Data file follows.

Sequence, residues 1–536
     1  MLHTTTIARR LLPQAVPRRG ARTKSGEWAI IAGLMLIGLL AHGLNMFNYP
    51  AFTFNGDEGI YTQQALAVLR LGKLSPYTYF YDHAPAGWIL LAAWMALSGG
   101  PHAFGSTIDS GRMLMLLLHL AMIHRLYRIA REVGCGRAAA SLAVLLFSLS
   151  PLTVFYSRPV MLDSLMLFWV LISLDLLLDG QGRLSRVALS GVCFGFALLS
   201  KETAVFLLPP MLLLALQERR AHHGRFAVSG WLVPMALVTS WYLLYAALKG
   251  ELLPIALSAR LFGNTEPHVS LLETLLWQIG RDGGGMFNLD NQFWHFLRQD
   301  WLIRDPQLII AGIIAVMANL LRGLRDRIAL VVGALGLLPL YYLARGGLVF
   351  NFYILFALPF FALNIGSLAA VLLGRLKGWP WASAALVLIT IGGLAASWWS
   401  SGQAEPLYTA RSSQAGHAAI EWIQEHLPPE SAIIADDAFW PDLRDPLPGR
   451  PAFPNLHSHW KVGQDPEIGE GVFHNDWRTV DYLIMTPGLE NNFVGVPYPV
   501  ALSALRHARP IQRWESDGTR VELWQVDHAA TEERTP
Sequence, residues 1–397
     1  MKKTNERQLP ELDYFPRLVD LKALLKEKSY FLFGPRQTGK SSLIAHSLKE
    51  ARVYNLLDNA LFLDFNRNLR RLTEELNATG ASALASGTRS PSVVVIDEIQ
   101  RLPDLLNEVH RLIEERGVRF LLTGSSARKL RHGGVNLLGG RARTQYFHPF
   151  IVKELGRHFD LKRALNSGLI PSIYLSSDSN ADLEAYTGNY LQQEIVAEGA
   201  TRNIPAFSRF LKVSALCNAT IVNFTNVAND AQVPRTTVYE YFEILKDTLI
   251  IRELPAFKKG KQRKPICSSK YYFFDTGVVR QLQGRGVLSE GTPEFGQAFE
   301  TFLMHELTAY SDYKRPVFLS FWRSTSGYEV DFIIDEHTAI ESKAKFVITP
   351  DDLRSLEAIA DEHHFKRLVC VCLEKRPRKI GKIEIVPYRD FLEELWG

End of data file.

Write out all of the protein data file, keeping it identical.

Sequence, residues 1–536
     1  MLHTTTIARR LLPQAVPRRG ARTKSGEWAI IAGLMLIGLL AHGLNMFNYP
    51  AFTFNGDEGI YTQQALAVLR LGKLSPYTYF YDHAPAGWIL LAAWMALSGG
   101  PHAFGSTIDS GRMLMLLLHL AMIHRLYRIA REVGCGRAAA SLAVLLFSLS
   151  PLTVFYSRPV MLDSLMLFWV LISLDLLLDG QGRLSRVALS GVCFGFALLS
   201  KETAVFLLPP MLLLALQERR AHHGRFAVSG WLVPMALVTS WYLLYAALKG
   251  ELLPIALSAR LFGNTEPHVS LLETLLWQIG RDGGGMFNLD NQFWHFLRQD
   301  WLIRDPQLII AGIIAVMANL LRGLRDRIAL VVGALGLLPL YYLARGGLVF
   351  NFYILFALPF FALNIGSLAA VLLGRLKGWP WASAALVLIT IGGLAASWWS
   401  SGQAEPLYTA RSSQAGHAAI EWIQEHLPPE SAIIADDAFW PDLRDPLPGR
   451  PAFPNLHSHW KVGQDPEIGE GVFHNDWRTV DYLIMTPGLE NNFVGVPYPV
   501  ALSALRHARP IQRWESDGTR VELWQVDHAA TEERTP
Sequence, residues 1–397
     1  MKKTNERQLP ELDYFPRLVD LKALLKEKSY FLFGPRQTGK SSLIAHSLKE
    51  ARVYNLLDNA LFLDFNRNLR RLTEELNATG ASALASGTRS PSVVVIDEIQ
   101  RLPDLLNEVH RLIEERGVRF LLTGSSARKL RHGGVNLLGG RARTQYFHPF
   151  IVKELGRHFD LKRALNSGLI PSIYLSSDSN ADLEAYTGNY LQQEIVAEGA
   201  TRNIPAFSRF LKVSALCNAT IVNFTNVAND AQVPRTTVYE YFEILKDTLI
   251  IRELPAFKKG KQRKPICSSK YYFFDTGVVR QLQGRGVLSE GTPEFGQAFE
   301  TFLMHELTAY SDYKRPVFLS FWRSTSGYEV DFIIDEHTAI ESKAKFVITP
   351  DDLRSLEAIA DEHHFKRLVC VCLEKRPRKI GKIEIVPYRD FLEELWG